Wednesday is easier—the lull before the end-of-the-week storm. Usually I catch up on some filing or photocopying, both of which keep me away from my desk for a while—so I often forget all about the little hut.
Thursday things start to get crazy again—contracts to type, documents to chase, people to phone, emails, faxes, and yet more phone calls. It’s manic but still only a dress rehearsal for Frantic Friday. It’s a bit like grocery shopping the last weekend before Christmas—total chaos with everyone grabbing haphazardly at things just in case they never get any food again.
Friday. So close to the weekend but such a horror to live through week after week. That’s when I seek refuge the most often, gazing at the picture, really drinking in that impossibly blue sky, reflected in the improbably blue water, the wide expanse of deserted beach. As if by the sheer force of my concentration I can transport myself there. I can almost hear the soft sound of the water washing up onto the shore.
The office is huge. And we are all tucked away in our little cells—our cubicles which accommodate our desk, chairs, computer, phone and trays upon trays of paperwork. I remember once years ago people used to say that using computer systems would make most administration processes redundant, and that there would be a huge reduction in paperwork. The strange, alluring legend of the paperless office. There are 86 of us on this floor. 86 computers all warming the heavy recycled air with their hot little components. 86 chairs on rollers that don’t quite roll. 86 miserable people kept in little squares like veal calves or stray dogs waiting to be adopted or euthanised, housed temporarily until either retirement or death claims us—either one is good at the moment.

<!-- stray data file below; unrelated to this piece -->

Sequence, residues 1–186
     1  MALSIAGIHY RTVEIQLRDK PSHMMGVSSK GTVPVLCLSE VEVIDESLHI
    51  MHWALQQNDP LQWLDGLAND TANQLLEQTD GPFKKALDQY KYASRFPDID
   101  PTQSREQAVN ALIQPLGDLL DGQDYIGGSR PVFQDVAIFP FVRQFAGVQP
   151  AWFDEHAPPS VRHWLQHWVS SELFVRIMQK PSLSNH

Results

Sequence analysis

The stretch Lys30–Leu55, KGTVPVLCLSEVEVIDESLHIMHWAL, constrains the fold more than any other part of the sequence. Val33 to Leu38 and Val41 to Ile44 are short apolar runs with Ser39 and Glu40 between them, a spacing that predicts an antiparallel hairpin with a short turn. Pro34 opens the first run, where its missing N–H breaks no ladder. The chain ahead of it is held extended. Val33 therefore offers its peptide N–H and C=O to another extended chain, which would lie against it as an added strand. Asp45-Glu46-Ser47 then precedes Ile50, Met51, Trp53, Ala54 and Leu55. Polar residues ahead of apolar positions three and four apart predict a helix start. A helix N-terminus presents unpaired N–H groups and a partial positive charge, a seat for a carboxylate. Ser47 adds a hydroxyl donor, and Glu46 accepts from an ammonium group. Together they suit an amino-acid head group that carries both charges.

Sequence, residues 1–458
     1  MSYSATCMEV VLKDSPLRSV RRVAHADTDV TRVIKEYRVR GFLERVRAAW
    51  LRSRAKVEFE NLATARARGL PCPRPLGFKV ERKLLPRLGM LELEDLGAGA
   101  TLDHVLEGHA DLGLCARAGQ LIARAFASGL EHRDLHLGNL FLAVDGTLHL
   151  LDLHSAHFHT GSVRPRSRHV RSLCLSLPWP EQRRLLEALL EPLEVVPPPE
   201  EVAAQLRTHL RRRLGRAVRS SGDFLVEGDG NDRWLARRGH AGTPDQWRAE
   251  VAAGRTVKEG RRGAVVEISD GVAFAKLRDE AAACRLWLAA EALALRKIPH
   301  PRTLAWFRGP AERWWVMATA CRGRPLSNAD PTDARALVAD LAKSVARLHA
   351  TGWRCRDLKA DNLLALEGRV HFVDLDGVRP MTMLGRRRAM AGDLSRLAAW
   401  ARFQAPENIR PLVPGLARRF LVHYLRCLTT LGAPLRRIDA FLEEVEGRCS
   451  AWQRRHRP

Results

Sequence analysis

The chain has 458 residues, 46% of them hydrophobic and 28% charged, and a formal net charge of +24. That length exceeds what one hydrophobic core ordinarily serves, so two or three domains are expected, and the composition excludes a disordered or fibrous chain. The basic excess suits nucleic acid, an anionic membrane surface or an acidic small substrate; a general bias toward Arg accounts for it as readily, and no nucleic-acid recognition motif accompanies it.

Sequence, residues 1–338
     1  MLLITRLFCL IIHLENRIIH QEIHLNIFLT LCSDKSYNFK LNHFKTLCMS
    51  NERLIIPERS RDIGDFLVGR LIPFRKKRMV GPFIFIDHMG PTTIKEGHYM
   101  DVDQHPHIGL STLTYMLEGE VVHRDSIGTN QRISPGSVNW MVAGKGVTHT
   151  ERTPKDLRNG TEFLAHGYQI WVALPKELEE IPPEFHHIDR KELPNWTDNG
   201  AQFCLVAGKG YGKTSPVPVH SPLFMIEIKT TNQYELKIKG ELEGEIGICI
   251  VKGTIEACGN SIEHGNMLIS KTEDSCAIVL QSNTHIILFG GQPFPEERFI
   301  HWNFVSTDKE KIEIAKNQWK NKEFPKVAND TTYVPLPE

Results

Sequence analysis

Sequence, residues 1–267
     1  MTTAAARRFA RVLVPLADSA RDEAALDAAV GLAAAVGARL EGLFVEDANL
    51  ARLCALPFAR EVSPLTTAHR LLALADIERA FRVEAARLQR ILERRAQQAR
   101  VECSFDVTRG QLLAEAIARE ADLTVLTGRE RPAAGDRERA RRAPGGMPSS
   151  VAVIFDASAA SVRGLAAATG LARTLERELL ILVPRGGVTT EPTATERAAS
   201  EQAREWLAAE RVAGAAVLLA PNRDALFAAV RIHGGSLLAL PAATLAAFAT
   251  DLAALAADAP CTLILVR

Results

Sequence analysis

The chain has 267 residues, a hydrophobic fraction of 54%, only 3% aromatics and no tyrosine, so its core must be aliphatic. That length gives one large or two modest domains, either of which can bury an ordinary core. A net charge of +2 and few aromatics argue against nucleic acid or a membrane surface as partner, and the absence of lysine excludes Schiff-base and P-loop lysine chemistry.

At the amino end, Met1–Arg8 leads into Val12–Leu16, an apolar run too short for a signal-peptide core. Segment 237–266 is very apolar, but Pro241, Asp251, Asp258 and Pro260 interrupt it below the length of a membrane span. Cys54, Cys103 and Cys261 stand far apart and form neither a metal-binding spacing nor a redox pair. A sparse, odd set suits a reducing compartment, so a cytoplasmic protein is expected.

They play the radio over the PA system—to ‘keep up morale’. The problem is, there is only one radio, and 86 tastes in music. I find it so stressful to listen to boy bands and rock chicks and divas all day long. It’s mentally exhausting.
Then there’s the constant toing and froing of the workers—like being on some crowded stairs—figures bustling back and forth, not friends, not visitors, just milling about.
I bet that doesn’t happen on that little beach. I bet it’s quiet all the time. If I sat on that little veranda, I bet all I would hear if I closed my eyes would be the soft rustling of the palm trees, the sound of the occasional bird overhead, the sound of the waves and my own calm breath, moving in and out and washing away my tension.